Description: The relationship of attitude measurement with the political campaign process provides the problem area that this study considers. The purpose of this political communication study is to explore in detail and describe various "attitude" profiles of voters and resulting candidate "images" of the 1972 presidential election. These "attitudes" and "images" are determined through the use of three primary research instruments: the semantic differential scale, the Method of Ordered Alternatives, and the political philosophy continuum. In addition to these, a record of actual voting behavior serves as validating support of the measured attitudes. This study deals with "attitudes" toward and candidate "images" of George McGovern, R. Sargent Shriver, Richard M. Nixon, and Spiro T. Agnew, the Democratic and Republican candidates for President and Vice-President in 1972. This descriptive investigation unfolds into three major problem areas: 1. to report and describe "panoramic images" of Nixon,. McGovern, Agnew, and Shriver, as measured by the semantic differential scale. 2. to give an account of voter preferred positions A through I as measured by the Method of Ordered Alternatives in connection with "attitude" as measured by the evaluative factor of the semantic differential scale, and subsequently aligned with actual voting behavior. 3. to determine the relationship between voters' own political philosophies and their perceived political philosophies of the four candidates as measured by the political philosophy continuum. The remainder of this chapter overviews the historical mileau of the 1972 presidential campaign, explains the research design and procedures, and offers an organizational preview of the remaining five chapters.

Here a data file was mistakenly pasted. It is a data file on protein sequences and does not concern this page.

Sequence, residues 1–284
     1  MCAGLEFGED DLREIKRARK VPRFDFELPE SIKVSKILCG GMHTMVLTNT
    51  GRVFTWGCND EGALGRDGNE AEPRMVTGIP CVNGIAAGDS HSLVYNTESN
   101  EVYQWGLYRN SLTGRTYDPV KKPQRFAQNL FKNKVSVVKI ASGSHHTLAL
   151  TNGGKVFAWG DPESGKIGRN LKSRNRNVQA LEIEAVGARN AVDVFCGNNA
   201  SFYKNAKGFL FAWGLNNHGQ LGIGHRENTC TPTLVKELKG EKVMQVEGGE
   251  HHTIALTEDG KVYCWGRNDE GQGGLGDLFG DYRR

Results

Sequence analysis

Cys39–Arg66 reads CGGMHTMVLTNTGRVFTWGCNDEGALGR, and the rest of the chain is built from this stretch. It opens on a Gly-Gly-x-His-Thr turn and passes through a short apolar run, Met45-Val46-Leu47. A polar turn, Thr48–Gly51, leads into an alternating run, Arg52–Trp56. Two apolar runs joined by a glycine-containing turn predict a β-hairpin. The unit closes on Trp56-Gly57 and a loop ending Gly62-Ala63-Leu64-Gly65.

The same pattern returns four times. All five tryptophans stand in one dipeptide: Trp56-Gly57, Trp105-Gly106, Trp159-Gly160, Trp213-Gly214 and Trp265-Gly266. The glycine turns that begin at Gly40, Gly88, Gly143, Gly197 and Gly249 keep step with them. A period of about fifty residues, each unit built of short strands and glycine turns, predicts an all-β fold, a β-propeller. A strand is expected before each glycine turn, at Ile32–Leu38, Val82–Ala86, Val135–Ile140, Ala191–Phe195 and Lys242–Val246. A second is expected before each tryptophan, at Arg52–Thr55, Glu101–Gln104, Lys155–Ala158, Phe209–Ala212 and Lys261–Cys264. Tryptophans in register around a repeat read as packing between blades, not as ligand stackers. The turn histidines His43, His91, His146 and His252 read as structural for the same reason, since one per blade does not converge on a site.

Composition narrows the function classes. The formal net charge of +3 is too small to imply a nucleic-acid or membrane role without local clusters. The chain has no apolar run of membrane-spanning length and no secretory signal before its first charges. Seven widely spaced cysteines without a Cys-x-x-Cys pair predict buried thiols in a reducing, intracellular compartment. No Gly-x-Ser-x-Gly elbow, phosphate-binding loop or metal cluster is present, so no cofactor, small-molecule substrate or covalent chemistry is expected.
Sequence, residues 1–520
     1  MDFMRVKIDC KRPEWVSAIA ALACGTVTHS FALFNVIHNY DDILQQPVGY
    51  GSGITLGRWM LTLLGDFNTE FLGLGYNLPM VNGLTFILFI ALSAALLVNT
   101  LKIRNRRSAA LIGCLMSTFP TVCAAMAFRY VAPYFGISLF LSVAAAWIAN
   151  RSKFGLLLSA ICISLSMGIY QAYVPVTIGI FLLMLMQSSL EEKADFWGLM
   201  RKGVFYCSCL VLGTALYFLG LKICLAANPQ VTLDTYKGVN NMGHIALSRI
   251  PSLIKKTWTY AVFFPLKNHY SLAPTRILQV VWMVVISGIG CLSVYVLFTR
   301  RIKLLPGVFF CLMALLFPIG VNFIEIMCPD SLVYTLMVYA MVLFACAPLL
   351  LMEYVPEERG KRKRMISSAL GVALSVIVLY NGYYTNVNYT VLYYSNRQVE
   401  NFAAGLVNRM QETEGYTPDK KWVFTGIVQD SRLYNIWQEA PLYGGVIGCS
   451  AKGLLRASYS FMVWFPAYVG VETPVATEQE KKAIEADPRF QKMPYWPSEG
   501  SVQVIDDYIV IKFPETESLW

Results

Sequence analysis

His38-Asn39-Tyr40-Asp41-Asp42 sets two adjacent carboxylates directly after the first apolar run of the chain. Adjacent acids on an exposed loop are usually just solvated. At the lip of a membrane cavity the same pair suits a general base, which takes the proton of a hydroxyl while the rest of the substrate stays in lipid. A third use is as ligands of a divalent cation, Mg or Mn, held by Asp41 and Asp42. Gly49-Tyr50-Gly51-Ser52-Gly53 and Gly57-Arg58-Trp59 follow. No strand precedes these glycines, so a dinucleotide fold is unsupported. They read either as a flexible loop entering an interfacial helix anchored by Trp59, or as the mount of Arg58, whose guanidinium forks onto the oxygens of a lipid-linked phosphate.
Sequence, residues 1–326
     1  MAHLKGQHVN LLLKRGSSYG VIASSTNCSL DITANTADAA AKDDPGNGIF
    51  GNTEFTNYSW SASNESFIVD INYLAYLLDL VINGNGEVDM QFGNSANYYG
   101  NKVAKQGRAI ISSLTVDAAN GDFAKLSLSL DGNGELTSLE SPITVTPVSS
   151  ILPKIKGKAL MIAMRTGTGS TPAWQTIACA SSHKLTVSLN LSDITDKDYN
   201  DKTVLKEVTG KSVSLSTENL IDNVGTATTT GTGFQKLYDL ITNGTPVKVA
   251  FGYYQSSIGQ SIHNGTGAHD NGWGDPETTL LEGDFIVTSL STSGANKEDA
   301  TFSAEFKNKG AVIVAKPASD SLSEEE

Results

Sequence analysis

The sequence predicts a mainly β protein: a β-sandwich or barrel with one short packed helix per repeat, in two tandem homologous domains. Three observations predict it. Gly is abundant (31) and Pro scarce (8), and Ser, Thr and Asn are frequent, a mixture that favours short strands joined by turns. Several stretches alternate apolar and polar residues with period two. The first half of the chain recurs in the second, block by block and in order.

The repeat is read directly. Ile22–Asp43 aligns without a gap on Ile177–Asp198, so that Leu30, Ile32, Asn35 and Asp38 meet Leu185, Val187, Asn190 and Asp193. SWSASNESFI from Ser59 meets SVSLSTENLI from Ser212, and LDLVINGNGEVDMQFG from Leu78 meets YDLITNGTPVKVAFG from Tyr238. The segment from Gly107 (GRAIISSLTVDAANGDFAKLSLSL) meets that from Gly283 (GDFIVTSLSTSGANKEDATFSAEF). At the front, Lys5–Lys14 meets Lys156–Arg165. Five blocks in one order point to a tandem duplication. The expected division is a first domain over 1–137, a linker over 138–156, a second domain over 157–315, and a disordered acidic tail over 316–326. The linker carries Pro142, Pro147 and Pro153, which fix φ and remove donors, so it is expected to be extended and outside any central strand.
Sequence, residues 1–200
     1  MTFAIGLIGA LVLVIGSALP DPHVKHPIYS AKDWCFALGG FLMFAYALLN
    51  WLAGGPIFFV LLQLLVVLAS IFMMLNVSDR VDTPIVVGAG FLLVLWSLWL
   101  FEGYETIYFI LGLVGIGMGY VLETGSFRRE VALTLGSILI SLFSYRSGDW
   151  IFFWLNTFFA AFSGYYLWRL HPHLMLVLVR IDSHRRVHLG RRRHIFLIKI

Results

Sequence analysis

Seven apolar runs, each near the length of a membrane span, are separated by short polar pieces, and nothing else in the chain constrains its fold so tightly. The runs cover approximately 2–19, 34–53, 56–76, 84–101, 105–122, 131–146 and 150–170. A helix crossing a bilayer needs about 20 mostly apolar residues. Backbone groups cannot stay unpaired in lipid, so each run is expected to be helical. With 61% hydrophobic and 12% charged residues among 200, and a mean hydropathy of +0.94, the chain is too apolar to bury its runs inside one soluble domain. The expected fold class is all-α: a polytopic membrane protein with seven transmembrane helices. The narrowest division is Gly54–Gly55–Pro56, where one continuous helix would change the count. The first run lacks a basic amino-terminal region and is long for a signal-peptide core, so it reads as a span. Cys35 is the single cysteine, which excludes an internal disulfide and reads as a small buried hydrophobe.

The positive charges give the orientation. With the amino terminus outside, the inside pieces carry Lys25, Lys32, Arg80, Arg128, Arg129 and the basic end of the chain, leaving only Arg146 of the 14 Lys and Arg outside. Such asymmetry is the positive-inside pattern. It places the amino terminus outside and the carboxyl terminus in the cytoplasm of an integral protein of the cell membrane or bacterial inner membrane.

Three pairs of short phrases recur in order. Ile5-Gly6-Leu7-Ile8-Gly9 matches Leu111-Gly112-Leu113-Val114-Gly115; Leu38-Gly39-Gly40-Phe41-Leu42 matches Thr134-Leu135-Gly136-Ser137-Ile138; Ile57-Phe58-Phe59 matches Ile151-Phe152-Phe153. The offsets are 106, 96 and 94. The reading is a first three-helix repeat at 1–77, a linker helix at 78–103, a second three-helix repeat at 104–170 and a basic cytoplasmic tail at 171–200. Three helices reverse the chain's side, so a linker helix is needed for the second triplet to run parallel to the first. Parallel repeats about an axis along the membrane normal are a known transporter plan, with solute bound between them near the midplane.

Date: December 1973
Creator: Ricks, Dana Carol